Tobacco Treatment: An Overview
Tobacco Treatment: An Overview
Because quitting tobacco is so difficult, many smokers seek some form of treatment to help them succeed. Nicotine is the addictive substance in tobacco, and nicotine addiction can be treated in several ways. The most effective methods are behavioral counseling and nicotine replacement therapy, particularly when they are combined.
Cigarette smoking is the most common form of tobacco use, and smoking is one of the nation's most serious public health problems. Tobacco use causes more than 430,000 deaths each year in the United States and is the leading preventable cause of death. Most adults in the United States have either smoked cigarettes or used some other tobacco product. In addition, an estimated 13.4 percent of young people ages 12 to 17 were smokers in 2000.
Although the number of Americans who smoked decreased in the late 1900s, the current number of smokers is still high. In the late 1990s, about one-quarter of adult Americans, or about 48 million people, smoked. Most of these people wanted to quit but were unable to do so because they found it too difficult. According to some figures from the late 1990s, only an estimated 2.5 percent of all smokers successfully quit each year.
A Note on Smokeless Tobacco
Like cigarettes, chewing tobacco and snuff present a similar risk of nicotine addiction. These products may prove more difficult to treat than cigarette use because they are sometimes viewed as less risky alternatives to cigarettes. One study quoted in a surgeon general's report on smoking reported that 77 percent of youth thought that cigarette smoking was very harmful, but only 40 percent rated smokeless tobacco as very harmful. Yet smokeless tobacco can cause cancer, bleeding gums and mouth sores that never heal, bad breath, stained teeth, and other related health problems. Once the negative publicity on smokeless tobacco use reaches a level close to the bad press on smoking, there should be a growing demand for using therapies to help smokeless tobacco users quit. Although a growing number of people use smokeless tobacco, most tobacco use is from cigarettes and most of the research on tobacco treatment has focused on helping smokers. Still, most of the tools that help smokers quit can also aid any nicotine addict.
The Effects of Quitting
When a person stops smoking or quits chewing smokeless tobacco, the body responds in a number of ways, some immediate and some over time. About twenty minutes after the last cigarette, blood pressure and pulse rate return to normal, and body temperature increases to normal. About eight hours later, the carbon monoxide level in the blood drops to normal, and after one day, an individual's chance of a heart attack decreases. After two days, nerve endings start to regenerate, and the ability to smell and taste improves. After two weeks, an individual's circulation improves and lung function increases by a maximum of 30 percent. After a year of smoking abstinence , the risk of coronary heart disease is reduced to half that of a smoker, and after five years of abstinence, the risk of death by lung cancer is cut in half. After fifteen years, the risk of coronary heart disease is equal to that of a nonsmoker.
Early Ideas About Quitting
Until the 1980s many people doubted that tobacco use was based on an addiction to or dependence on nicotine. In the 1950s and 1960s, a common view among experts was that smoking was just a bad habit. Experts at that time failed to realize that tobacco use was a form of drug use. Instead, they saw smoking and chewing tobacco as the kind of habit that could be broken by taking certain steps to change the behavior of the smoker. Behavioral approaches to stopping smoking or quit chewing have been in use ever since.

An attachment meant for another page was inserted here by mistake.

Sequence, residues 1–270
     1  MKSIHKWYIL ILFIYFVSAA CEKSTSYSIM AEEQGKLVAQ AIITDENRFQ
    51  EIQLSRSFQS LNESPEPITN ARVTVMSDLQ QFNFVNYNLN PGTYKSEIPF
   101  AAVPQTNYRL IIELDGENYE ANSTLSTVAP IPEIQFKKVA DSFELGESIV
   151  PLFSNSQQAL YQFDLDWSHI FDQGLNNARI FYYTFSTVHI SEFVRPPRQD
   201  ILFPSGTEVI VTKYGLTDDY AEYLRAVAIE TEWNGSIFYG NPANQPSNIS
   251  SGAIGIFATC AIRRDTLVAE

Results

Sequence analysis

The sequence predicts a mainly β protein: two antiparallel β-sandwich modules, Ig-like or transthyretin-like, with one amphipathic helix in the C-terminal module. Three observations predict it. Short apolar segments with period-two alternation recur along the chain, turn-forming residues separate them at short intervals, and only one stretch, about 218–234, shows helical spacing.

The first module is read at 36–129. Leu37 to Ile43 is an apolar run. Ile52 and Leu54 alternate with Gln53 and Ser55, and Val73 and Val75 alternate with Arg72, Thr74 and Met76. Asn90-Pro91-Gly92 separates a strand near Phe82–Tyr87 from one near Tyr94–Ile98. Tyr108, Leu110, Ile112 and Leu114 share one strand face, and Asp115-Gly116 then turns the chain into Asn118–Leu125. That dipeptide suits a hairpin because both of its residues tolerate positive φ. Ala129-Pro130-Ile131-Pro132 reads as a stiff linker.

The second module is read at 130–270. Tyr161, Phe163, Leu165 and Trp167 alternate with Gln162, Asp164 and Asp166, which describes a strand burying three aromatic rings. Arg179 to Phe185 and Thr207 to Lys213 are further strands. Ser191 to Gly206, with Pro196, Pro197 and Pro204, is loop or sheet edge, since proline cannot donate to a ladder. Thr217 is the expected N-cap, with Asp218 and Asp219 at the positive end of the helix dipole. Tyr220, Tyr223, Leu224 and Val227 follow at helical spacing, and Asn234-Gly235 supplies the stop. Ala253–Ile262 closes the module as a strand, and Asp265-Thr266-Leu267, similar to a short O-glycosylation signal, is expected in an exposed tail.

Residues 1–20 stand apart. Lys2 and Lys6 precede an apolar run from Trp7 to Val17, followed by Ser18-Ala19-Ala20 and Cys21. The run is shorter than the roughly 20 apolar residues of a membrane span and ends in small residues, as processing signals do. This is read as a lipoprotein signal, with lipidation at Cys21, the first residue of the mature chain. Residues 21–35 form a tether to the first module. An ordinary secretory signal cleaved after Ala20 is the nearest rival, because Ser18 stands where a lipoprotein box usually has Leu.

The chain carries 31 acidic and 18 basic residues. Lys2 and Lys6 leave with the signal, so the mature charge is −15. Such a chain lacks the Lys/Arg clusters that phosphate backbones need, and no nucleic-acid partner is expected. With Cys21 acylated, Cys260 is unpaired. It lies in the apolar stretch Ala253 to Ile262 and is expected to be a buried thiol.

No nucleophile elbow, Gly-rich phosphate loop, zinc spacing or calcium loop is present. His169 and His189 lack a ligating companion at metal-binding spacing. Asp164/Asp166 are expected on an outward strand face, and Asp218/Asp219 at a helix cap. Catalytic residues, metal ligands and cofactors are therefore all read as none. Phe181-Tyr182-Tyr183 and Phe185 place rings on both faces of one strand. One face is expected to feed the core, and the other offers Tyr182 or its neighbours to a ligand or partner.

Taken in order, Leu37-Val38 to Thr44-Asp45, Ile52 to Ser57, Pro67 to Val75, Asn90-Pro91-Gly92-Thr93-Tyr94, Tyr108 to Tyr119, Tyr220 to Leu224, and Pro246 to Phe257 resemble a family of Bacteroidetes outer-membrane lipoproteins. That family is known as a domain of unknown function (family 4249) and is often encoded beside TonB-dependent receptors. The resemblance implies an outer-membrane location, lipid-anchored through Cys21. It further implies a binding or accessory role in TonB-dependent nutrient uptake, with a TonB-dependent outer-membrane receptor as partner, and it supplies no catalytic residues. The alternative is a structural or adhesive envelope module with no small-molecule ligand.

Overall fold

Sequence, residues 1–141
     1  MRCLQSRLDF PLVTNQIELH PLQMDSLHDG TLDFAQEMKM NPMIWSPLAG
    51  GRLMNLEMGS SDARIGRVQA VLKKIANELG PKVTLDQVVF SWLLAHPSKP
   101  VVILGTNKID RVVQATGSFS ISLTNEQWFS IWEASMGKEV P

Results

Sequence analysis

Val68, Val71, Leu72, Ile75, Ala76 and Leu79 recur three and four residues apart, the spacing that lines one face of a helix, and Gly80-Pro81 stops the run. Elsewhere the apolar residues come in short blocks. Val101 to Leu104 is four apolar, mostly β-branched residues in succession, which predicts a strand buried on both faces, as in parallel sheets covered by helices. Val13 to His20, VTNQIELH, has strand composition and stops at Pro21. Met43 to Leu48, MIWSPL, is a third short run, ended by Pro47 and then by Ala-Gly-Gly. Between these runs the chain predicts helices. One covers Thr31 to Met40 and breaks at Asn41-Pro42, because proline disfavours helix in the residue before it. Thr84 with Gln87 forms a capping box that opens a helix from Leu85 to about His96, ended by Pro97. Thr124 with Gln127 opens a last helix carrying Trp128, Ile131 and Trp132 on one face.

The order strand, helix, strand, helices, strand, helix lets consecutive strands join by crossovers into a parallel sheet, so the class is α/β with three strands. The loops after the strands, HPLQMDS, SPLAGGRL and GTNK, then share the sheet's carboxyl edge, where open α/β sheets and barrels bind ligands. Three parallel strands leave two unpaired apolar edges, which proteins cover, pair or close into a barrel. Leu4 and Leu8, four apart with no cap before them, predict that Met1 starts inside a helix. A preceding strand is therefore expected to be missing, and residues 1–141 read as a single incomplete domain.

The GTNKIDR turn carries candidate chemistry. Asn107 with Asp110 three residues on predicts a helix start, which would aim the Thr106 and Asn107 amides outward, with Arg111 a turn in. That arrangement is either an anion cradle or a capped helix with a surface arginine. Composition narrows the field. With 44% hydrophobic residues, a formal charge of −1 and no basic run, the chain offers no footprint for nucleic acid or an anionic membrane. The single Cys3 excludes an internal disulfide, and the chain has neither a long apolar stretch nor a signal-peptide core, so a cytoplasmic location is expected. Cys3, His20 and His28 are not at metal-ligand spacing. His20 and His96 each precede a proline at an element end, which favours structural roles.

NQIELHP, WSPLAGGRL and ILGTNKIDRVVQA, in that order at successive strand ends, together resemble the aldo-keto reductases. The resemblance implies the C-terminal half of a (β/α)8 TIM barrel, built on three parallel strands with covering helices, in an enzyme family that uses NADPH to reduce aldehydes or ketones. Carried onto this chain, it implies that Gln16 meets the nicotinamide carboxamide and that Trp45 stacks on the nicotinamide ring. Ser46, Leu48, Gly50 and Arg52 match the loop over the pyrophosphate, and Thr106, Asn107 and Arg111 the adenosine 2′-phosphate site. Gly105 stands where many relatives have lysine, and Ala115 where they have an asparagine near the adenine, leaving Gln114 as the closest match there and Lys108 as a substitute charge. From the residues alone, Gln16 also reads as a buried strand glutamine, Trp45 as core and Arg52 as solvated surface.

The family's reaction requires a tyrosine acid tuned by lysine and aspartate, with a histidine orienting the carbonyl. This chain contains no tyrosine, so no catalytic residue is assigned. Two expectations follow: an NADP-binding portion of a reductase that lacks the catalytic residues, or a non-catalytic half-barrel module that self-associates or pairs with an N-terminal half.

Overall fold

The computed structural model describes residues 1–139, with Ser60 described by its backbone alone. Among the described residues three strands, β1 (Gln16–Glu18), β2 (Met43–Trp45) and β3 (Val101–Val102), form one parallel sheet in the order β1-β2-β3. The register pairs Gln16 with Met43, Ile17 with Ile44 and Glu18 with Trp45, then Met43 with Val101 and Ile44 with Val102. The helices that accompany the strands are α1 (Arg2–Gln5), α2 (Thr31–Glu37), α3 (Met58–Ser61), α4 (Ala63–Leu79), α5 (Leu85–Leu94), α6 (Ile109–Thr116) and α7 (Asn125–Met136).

In the early twentieth century, self-help movements to treat alcohol or drug problems were very popular. The focus of these movements was to help people change the behaviors that contributed to their smoking habit. Such efforts at behavioral changes have a long history in society. Perhaps because minor behavioral problems are so commonplace, people tend not to seek professional help for dealing with them. As a result, over the years much of the "treatment" for cigarette smoking has amounted to individuals trying to quit on their own. However, researchers find that self-help treatments have not generally been effective for most people. In one study of 5,000 smokers, only 4.3 percent of individuals who had quit on their own remained abstinent for one year after they attempted to quit. Self-help treatments, combined with more formal treatment such as behavioral counseling, nicotine replacement, or a combination of the two, is likely to be more effective.
Group Therapy and Individual Therapy
A nicotine addict may see a therapist in one-on-one sessions in order to quit smoking. In these sessions, the smoker gets instruction and support from the therapist. Smokers and smokeless tobacco users can also seek such support in group therapy. Group programs have been used to provide hypnotism (a trance state in which smokers may be more suggestible), education, behavioral therapy , and combinations of therapies. There is no clear scientific evidence indicating which form of therapy is best, but group programs can be less expensive than individual programs. Some clients have strong personal preferences for one or the other form of treatment: Some enjoy the group support and like to share their experiences in a group; others find such involvement with groups unpleasant or embarrassing. For either type of therapy, the longer a person stays in treatment, and the greater the number of treatment sessions, the better the chances of success at quitting.
The Role of Doctors in Treatment
Physicians take an interest in preventing health problems in their patients. Thus, they often make special efforts to encourage patients to stop smoking or to quit chewing. In 1964 only about 15 percent of current smokers reported that a physician had advised them to quit smoking. By 1987 about 50 percent of current smokers had received such advice. Sometimes simple things like the advice of a doctor to quit and setting a date for quitting can lead to success. Doctors who take just a few minutes to give advice and provide a patient with pamphlets about smoking can make a difference. Physicians can also be helpful by referring patients to smoking treatment programs. Specialists who deal with patients already suffering from tobacco-related disease are in a good position to help those with a strong wish to quit. Yet cardiac or lung patients often fail to stop smoking. Being diagnosed with a smoking-related disease is no guarantee that the patient will quit smoking.